Obama was declared the winner after several gut-wrenching hours that saw the president and his White House rival, Mitt Romney, spend election night much as they did their bruising, $2.6 billion campaign — in a tense nail-biter.
Supporters at Obama's Chicago headquarters greeted the president with euphoria as he strode to the podium to the upbeat strains of Stevie Wonder's "Signed, Sealed, Delivered," his 2008 campaign anthem.
"Tonight in this election, you, the American people, remind us that while our road has been hard, while our journeys have been long, we have picked ourselves up, we have fought our way back, and we know in our hearts that for the United States of America, the best is yet to come," Obama said.
At Romney headquarters in Boston, meanwhile, the mood was grim following an election long considered well within the Republican's grasp.
"This is a time of great challenges for America," a composed, gracious Romney told his supporters after it took him more than an hour to concede after the president clinched the election.
"I pray that the president will be successful in guiding our nation."
Obama's success this year was in contrast to his historic triumph in 2008, when he became the country's first African-American president and won the White House on an inspiring message of hope and change.
In 2012, Obama's rhetoric was decidedly less soaring — although his victory speech on election night certainly showed a return to form.
"We are an American family and we rise and fall together as one nation and as one people," he said.
But on the campaign trail, it was little wonder Obama chose to remind Americans he understood their impatience with him — the nation's citizens, after all, are still struggling to recover from a devastating economic recession that took unrelenting hold of the country soon after the president took office.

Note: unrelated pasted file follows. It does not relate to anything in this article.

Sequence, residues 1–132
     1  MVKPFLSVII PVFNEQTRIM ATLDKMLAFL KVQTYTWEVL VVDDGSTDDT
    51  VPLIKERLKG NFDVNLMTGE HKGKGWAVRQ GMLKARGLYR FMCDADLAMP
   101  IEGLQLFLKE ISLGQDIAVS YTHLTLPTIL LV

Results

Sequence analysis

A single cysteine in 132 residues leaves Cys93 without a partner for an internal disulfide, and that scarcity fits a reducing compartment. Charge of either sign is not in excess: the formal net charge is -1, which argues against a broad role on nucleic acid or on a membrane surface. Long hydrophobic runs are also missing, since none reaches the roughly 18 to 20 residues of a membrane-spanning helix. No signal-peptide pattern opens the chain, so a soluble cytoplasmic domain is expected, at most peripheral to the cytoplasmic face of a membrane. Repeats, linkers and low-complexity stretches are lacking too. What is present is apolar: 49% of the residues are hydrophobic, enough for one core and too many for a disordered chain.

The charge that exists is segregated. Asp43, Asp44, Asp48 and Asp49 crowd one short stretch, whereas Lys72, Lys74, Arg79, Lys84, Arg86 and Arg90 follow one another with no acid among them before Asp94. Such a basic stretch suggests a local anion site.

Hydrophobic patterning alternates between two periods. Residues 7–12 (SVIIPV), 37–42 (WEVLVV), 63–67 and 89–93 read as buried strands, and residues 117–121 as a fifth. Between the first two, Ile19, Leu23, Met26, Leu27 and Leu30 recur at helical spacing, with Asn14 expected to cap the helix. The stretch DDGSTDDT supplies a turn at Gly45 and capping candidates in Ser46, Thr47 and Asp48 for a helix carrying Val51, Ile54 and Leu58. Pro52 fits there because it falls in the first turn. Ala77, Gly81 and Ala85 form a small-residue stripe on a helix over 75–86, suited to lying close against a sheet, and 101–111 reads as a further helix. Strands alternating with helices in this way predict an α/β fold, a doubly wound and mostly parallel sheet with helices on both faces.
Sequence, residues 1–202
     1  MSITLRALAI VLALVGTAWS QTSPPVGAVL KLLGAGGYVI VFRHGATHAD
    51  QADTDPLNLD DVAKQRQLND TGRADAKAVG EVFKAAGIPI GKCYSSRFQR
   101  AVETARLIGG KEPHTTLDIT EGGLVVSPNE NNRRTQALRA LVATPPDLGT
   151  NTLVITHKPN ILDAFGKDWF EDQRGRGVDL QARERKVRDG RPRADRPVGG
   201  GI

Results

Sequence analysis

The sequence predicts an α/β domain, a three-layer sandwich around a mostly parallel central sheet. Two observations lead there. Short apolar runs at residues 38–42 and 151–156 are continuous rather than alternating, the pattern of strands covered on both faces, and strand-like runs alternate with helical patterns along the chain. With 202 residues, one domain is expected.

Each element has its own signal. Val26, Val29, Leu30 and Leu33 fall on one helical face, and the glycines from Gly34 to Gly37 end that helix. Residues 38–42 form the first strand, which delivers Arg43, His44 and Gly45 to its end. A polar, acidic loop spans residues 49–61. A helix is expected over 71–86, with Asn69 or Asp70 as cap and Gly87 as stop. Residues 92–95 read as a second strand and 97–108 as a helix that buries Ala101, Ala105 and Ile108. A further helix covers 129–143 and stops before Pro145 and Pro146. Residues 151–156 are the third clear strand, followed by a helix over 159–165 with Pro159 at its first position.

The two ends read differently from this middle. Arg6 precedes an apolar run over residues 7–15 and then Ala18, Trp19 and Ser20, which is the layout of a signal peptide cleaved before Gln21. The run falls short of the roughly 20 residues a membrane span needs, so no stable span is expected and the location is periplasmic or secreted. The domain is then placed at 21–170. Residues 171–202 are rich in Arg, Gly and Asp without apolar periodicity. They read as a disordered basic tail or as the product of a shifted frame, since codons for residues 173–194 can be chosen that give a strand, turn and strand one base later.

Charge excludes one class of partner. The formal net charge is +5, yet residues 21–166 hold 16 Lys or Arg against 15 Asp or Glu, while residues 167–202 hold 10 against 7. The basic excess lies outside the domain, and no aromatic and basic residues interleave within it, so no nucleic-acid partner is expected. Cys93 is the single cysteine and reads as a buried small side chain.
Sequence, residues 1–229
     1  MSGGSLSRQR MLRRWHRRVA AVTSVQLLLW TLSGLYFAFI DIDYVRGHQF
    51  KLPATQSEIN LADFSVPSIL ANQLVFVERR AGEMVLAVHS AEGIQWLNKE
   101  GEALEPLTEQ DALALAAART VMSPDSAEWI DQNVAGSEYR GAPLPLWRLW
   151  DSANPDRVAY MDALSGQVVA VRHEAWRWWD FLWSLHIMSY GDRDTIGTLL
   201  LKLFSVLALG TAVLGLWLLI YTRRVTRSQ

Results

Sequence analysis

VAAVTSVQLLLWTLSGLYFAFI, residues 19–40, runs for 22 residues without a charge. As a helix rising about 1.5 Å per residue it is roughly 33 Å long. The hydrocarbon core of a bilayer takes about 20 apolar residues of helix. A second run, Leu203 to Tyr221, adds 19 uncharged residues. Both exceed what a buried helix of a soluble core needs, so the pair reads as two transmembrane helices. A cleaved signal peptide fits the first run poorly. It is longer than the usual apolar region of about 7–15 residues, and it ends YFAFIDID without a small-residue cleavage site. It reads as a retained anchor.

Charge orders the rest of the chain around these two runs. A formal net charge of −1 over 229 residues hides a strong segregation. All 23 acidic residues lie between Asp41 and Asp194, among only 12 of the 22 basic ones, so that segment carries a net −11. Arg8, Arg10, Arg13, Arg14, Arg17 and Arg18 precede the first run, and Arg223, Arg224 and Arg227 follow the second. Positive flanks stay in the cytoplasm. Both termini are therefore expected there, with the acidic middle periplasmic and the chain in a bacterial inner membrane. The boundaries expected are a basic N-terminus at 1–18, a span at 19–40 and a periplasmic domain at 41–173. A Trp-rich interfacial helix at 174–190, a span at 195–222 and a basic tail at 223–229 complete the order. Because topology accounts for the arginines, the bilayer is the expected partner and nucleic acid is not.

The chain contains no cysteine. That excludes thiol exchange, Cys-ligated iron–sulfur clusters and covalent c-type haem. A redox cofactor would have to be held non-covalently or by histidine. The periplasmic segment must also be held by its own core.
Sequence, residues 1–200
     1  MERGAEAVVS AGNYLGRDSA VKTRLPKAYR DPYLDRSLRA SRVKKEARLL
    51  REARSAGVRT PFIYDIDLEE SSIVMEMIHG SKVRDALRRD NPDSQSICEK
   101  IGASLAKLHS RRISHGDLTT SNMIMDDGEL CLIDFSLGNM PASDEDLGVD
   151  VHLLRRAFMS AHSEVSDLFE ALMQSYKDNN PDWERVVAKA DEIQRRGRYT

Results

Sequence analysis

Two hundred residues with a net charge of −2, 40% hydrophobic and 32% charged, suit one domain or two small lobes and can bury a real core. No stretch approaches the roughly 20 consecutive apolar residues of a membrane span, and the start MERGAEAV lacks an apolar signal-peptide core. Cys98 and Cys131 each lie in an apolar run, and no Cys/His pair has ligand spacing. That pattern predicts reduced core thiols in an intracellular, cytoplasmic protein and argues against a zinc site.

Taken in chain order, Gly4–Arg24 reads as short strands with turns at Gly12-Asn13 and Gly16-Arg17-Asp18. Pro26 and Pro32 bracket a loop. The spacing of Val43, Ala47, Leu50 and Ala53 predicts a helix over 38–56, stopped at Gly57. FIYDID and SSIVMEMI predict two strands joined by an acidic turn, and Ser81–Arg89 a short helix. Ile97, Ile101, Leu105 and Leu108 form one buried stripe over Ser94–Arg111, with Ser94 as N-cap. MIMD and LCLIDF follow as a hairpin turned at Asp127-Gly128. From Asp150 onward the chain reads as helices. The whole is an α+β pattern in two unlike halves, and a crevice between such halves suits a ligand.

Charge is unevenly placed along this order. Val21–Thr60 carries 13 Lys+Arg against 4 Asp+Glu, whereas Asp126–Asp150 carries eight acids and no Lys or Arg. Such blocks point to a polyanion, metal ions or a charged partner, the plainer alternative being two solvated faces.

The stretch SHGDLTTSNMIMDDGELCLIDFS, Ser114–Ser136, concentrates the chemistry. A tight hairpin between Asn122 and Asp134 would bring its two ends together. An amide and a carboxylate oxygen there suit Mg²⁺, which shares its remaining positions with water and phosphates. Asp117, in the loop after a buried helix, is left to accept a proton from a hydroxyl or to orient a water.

Obama, indeed, has become the first incumbent president since Franklin D. Roosevelt to win a second term with an unemployment rate above 7.4 per cent.
Unlike 2008, the president no longer pledges to dramatically change the toxic political culture in the U.S. capital — not surprising given the rigid opposition he's faced from Republicans in the House of Representatives since they took back control of the chamber in 2010.
Instead, he's vowed to finish the work he'd started and urged Americans to stand by him.
And even though Obama secured a second term, the election exposed bitter partisan and demographic fault lines in the United States that threaten to endure for years to come.
Obama handily won the votes of women, young Americans, African-Americans and Hispanics — in fact, the president got almost 70 per cent of the Latino vote, the fastest growing demographic in the United States.
In Pennsylvania, the high turnout of African-American voters — reportedly even higher than it was in 2008 — was thought to have played a critical role in the president's victory there.
Romney, meantime, won over older Americans, working-class whites and those with family incomes of $50,000 a year or more.
Obama's triumph was the long-awaited culmination of one of the hardest-fought presidential campaigns in recent U.S. history. Indeed, he only narrowly appeared to have won the popular vote over Romney.
But under the American system, presidential candidates compete not for popular vote, but for the electoral college votes up for grabs stateside. Those votes are assigned based on a state's population and representation in Congress.
Eight states, representing 89 electoral college votes, were considered battlegrounds: Colorado, Iowa, Wisconsin, Ohio, Virginia, Florida, North Carolina and New Hampshire. Romney won only North Carolina; Florida was too close to call.
Throughout the campaign, Romney insisted the president had failed miserably to deliver on his heady promises of 2008, assailing him in particular for his handling of America's persistent economic woes.
Romney, a wealthy one-time venture capitalist, asserted that his own business experience would make him a better choice for Americans.
But many left-leaning Americans deeply distrusted the Republican, particularly after the emergence of a secretly recorded videotape in early September that showed him disparaging almost half of the electorate as government freeloaders.